Green Tea, Its Anti-Viral Effects and Influenza
Something caught my eye the other day while reading a handbook of the Urasenke school of Japanese tea ceremony. I wasn't expecting to find it in this rather scholarly type book dealing with history, art and philosophy of the Japanese tea ceremony. There in the chapter, Tea and Health among the many health benefits listed was "(prevention of) infection by the influenza virus."
It kind of startled me. I had never heard of tea helping in warding off flu. I knew of many other health claims like preventing certain types of cancer, enhancing metabolism, controlling cholesterol and the more faddish losing weight, anti-aging, etc. But keeping influenza virus at bay? No, sir, that I did not know.
Chemical structure of green tea catechins
Given the once in a multi-generation pandemic at hand, I immediately started digging around. I was happily surprised to find quite a bit of research had been done on the subject. (The grandmasters of Japanese tea ceremony were not just pulling it out of thin air.) Alas a lot of it was dense scientific research requiring academic credentials to access. However, whatever we could parse through the abstracts looked quite compelling.
For instance, during the winter of 2008-2009 there was a study done in Japan (the full paper is available here) of influenza among school children (age 6-13 years old) and green tea consumption. It concluded that consumption of 1-5 cups of green tea per day did reduce the incidence of influenza. Notably, the study was done in Kikugawa city which is located in a tea growing region of Japan with strong local habits of green tea consumption.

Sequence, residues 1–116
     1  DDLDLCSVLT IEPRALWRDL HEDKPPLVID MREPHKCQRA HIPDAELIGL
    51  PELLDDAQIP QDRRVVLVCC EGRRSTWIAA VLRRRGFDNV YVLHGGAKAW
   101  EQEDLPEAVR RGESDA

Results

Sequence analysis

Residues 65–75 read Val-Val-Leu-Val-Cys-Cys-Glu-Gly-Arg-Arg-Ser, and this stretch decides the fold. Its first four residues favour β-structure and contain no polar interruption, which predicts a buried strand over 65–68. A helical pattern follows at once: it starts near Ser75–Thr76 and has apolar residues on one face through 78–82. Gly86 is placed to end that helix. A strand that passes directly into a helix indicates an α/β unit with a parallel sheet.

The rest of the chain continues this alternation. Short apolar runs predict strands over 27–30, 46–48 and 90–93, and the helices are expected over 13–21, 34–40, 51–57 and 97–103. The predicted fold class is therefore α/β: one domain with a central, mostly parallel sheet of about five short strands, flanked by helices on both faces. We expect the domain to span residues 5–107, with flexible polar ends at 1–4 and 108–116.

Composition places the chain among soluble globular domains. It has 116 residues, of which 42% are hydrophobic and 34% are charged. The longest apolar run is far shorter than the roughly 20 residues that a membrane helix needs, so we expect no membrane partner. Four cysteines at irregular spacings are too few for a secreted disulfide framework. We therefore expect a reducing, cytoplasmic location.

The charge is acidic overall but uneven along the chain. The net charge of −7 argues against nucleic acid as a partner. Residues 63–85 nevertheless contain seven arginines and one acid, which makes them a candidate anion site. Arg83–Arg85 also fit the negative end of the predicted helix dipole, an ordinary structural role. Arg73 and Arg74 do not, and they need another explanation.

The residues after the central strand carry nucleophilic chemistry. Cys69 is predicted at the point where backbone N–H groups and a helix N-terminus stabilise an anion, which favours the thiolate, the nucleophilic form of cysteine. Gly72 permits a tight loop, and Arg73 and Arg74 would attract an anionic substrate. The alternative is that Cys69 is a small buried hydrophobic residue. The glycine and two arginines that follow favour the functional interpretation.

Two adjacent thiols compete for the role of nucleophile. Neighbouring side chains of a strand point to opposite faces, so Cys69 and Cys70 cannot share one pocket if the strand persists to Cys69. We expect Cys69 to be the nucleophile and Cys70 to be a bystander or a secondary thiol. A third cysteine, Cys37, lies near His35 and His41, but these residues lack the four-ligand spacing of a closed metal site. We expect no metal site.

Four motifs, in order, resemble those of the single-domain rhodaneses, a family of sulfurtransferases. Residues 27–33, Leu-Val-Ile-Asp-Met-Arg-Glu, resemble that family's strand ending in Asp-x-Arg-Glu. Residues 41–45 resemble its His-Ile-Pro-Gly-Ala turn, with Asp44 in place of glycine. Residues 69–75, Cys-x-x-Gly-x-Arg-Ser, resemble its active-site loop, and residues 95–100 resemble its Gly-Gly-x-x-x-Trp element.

Another 2018 study by Japanese scientists, "Effect of Tea Catechins on Influenza Infection and the Common Cold with a Focus on Epidemiological/Clinical Studies", concluded that "although the number of clinical/epidemiological studies on tea catechins against influenza and the common cold are limited, the present studies suggest the possibility of preventive effects on influenza and common cold." It also suggested that gargling with tea lowered risks of influenza infection. Interestingly, the authors themselves raised a question as to how that is possible given that most of the virus invades from the nasal cavity.
In 2018 South Korean scientists studied the anti-viral efficacy of green tea extract against human influenza virus or H1N1. They found the catechin found in tea, "epigallocatechin 3-gallate" exhibits a strong anti-viral property and recommended the use of green tea extract to make a more "safer" anti-viral product like hand sanitizer. The researchers note their study was to address concerns about making hand sanitizers safer and more environmentally friendly.
You can access above study here.
These studies - and there are more - are very interesting. They were conducted in the wake of the SARs and MERs outbreaks. We are not trying to suggest that drinking green tea will keep you safe from COVID-19. Admittedly, a lot of research still needs to be done in the field. But who can discount the power of suggestion or the placebo effect? I am making myself another bowl of matcha right now!